Over the long history of baseball, there are stories that have been swept under the rug in an attempt to protect the game. Potentially damaging concerns have included current day situations like steroids, amphetamines & alcohol in decades past, ball doctoring, and of course gambling. Our guest on this episode of Cover the Bases is Sean Deveney, who shines the light on one such story, which many fans will initially find hard to believe. After reading his book called The Original Curse: Did the Cubs Throw the 1918 World Series to Babe Ruth’s Red Sox and Incite the Black Sox Scandal?, I do indeed believe it happened. Hope you enjoy listening to the episode. Here is a summary of what we discussed:
Sean was inspired to dig into this story in 2008 when he was exposed to documents that the Chicago History Museum had obtained relating to the Chicago Black Sox scandal of 1919. In these documents was a deposition of a player named Eddie Cicotte, who indicated that it was the 1918 Cubs team who demonstrated money was to be made fixing the World Series.
Underlying this entire tale is the context of the times, which included rampant gambling in the ballparks and players who easily mingled with gamblers and the fans who frequented ballgames. As Sean points out, the players in that era were not superstars and many came from less than middle class backgrounds who were not be out of place spending time in pool halls and neighborhood bars where action could be taken.
World War I put a different pressure on the ballplayers during 1918. Playing a game, while the rest of the country was contributing to the war effort in more direct fashion gave rise to the notion that the players were “slackers”. The teams had no indication as to whether they would be forced to shut down, and many around the game believed this season might be the last for them.
Players were concerned about the nationwide efforts to draft every able body person directly into the war effort, either by working in jobs that directly benefited the military or actively fighting. Many players went off to fight, some went to “work” in the military complex with an understanding they would play for the company’s baseball team. Some players simply continued to carry on with the season.
A tragic figure who paid a price for fighting in the war was Grover Cleveland Alexander. A dominant pitcher years before 1918, he went off to the front and came back with shell shock and a severe alcohol problem. His contributions to the war effort derailed his career.
With all of these factors weighing on the players as we get to the World Series, Sean looks at the monetary impacts as well. The players had agreed to a new revenue sharing arrangement that added more than just the World Series teams into the pool. The owners had decided to lower the ticket prices to combat the early lackluster attendance as a result of weather and war pressures.
Factors were conspiring against the integrity of the game.
It was during the train ride from Chicago to Boston that the players took the time to analyze the situation and realized their winning share was seriously in jeopardy. Players from both teams, lead by Harry Hooper of the Red Sox and Bill Killefer of the Cubs went to the National Commission, the oversight committee of the league, and attempted to renegotiate the players share. The Owners and Commission took a stall strategy hoping that the Series would conclude before any resolution and they would not have to make any decision.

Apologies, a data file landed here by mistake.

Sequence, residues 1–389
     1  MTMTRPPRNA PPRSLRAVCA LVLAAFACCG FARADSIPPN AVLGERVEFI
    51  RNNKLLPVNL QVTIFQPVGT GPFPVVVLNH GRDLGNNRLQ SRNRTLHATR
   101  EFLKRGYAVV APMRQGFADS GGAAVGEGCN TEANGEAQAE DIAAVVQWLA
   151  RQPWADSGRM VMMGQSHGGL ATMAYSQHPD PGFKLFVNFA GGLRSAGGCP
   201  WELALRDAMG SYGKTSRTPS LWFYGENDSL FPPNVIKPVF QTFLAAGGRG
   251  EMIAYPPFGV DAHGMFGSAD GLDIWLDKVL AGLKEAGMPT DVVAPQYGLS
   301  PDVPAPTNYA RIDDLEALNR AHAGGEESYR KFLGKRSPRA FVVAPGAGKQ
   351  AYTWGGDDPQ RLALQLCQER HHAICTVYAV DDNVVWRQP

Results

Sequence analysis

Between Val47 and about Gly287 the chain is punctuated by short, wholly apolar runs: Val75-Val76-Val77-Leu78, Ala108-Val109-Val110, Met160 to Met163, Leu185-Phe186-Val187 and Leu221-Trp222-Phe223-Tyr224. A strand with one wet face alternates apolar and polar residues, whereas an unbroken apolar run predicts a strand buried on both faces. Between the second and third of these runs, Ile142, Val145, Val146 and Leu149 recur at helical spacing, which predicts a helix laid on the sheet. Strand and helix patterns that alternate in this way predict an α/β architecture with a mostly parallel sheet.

After the train ride and before any ruling from the commission, some unusual plays started to appear in Game 4. A player by the name of Max Flack has to be pointed out as a leading culprit. Picked off twice in the game, still the only player picked off twice in one World Series game and a misplayed ball in the outfield that went over his head after he had continually ignored his pitcher’s advice to move deeper are certainly suspect actions from one player.
Prior to Game 5 the players threatened to strike, and were late to appear on the field while they waited to speak with the National Commission. Once again, they were rebuffed. This time it was in the players best interest to extend the Series to play as many games as possible and bring in more gate receipts. We cannot point to just the Cubs in the 1918 World Series as not having played up to potential, it was in every players best interest for the Red Sox to lose Game 5.
Game 6 included another sleeping Cubs runner Charley Pick who was picked off, but what became the turning point in the game was a muffed line drive by Max Flack with two on and two out in the third inning. Pitcher Lefty Tyler believed he had gotten out of a jam caused by shoddy fielding, had turned towards the dugout while the ball was in flight towards Flack, but had to return after the ball was dropped by his rightfielder.
Fans should pick up The Original Curse to read for themselves the detail of the games, and to personally analyze the theory that Sean has laid out. He also ties it together with the issues that baseball faces today in that the issues are resolved by a swift verdict, pinned on a few individuals, and locked away never to be spoken again. This is how the steroid issue and gambling issue are linked.
The win was a joyless one for the Red Sox, and the atmosphere included much skepticism that they would have been the best team had all clubs played at full strength, including the White Sox who had many players in military service.
We can only express our sincere thanks to Sean Deveney for appearing on Cover the Bases. He has laid out a specific case that identifies the Chicago Cubs as a team that succumbed to gambling pressures, and fixed the 1918 World Series. They were a single year before the other team from Chicago attempted the same feat, and were caught.
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